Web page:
Nigerians have another chance to avoid the mistakes of 2015
When Muhammadu Buhari won the 2015 presidential elections, he famously promised in his inaugural address: “I belong to everybody and I belong to nobody”. He reached out to the south-south promising to “invest heavily” in amnesty projects and extending his “hand of fellowship”. But this conciliatory tone did not last long. In July 2015, when questioned on the Niger Delta amnesty and inclusive development, Buhari replied: “I hope you have a copy of the election results. The constituents, for example, who gave me 97% cannot in all honesty be treated on some issues with constituencies that gave me 5%.” In this vein, the APC media machinery commenced a process of walking back campaign promises. One of the first casualties was the infamous “100 Days Covenant” and Buhari was able to complete his first hundred days with no targets or achievements.
For those who had a problem with this, the media team had a new label: “wailing wailers”. In September 2015, Femi Adesina was denouncing critics of the government. In December 2015, Ibn Na’Allah of the APC sponsored a bill to legislate a jail term for any person who used social media to make “an abusive statement” against government officials. Fortunately, pressure from civil society killed that attempt. But these were signs of coming intolerance against critics.
Unfortunately, Nigerians reacted by giving Buhari a latitude arguably few past leaders have received. Instead of holding the government to expectations of high standards, many pledged their unconditional support. When Buhari failed to appoint a cabinet for months, Nigerians defended him. When he appointed alleged corrupt people into his cabinet, Nigerians excused this. When he failed to come up with an economic blueprint for months and then drove the economy into a recession through arbitrary fiscal and monetary policies, Nigerians justified it as a consequence of anti-corruption. When Buhari disappeared for months on medical tourism without communication, Nigerians supported this. And when the unjustifiable surfaced, like the 2016 budget (so-called Budget of Hope) which was peppered with waste and inconsistencies, everyone was blamed except Buhari.
This idea of excusing Buhari was applied even when the government was blackmailing critical or dangerous opposition instead of investigating, prosecuting, and trying corrupt public officials across board.
But what have we gained from these rationalisations? Consider the supposed fight against corruption: the capacity of federal policing, investigating and prosecuting systems was not improved, the judiciary was not strengthened and Buhari never took unprompted action against corrupt party and cabinet officials. Consider security: the security of Nigerian lives was given less priority than the security of Nigerian economic assets. Boko Haram continues to attack targets at will while the presidency censors information and ambiguously insists that the group has been “technically defeated”. Conflict between pastoral herders and farmers over grazing routes is still troubling towns and villages in the country’s middle-belt.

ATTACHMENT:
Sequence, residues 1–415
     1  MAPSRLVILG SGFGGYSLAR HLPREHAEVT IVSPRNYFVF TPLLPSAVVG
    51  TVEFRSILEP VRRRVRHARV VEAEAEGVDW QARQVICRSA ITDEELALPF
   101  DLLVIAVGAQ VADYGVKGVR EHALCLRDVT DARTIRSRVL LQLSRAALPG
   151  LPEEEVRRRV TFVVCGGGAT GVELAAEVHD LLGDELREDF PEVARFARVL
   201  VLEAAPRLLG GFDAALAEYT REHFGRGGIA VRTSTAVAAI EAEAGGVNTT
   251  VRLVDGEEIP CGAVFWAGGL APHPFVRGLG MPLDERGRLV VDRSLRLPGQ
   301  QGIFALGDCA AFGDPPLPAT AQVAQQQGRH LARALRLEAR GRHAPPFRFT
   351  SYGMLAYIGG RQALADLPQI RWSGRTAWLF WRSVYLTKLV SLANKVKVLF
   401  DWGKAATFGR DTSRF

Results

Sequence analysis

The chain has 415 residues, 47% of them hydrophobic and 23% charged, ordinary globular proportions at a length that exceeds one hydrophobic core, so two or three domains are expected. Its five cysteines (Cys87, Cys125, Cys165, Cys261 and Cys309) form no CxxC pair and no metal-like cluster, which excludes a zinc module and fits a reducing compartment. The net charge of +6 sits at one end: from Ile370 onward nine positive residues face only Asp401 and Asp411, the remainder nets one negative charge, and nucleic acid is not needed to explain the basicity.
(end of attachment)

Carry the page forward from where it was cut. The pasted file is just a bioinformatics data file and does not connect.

A massacre of members of the Shiite sect in 2015 by the army killed some 300 people including children. A 2017 bombing by the air force of an IDP camp in Rann had left 167 people dead; a similar bombing in Numan killed 86 people. Till date, there has been no accountability for these crimes. From Agatu to Southern Kaduna to villages in Nassarawa, Adamawa, and Taraba state, Nigeria’s towns and villages flowed with the blood of innocents.
Those unaffected by violence and insecurity have been affected by the economy. In May 2016, Buhari’s government raised the pump price of fuel to 145 naira per litre, exceeding the 141 naira suggested by the Jonathan era that sparked the Occupy Nigeria protests. By the end of 2016, Nigeria’s economy had gone into a recession and the country is still suffering from the effects of this. Today, the unemployment rate is at 23.1 per cent, increasing from 18.8 per cent in the third quarter of 2017. In 2018, the World Poverty Clock reported that 86.9 million Nigerians lived in extreme poverty, almost 50 per cent of a population of 180 million.
But we have come full cycle. Now that the elections are over, we have a chance to avoid the sycophancy of 2015. Even at the risk of being termed wailers, we must put aside the role of supporters and take up the responsibilities of an active citizenry. We must stop making excuses for elected officials and lowering the bar of governance to satisfy political expediency. The next few months will determine the outcome of the next four years: we can either spend the time congratulating the administration and affirming support or we can push for democratic representation and accountability. We will either be servile to government or we will be served by government.
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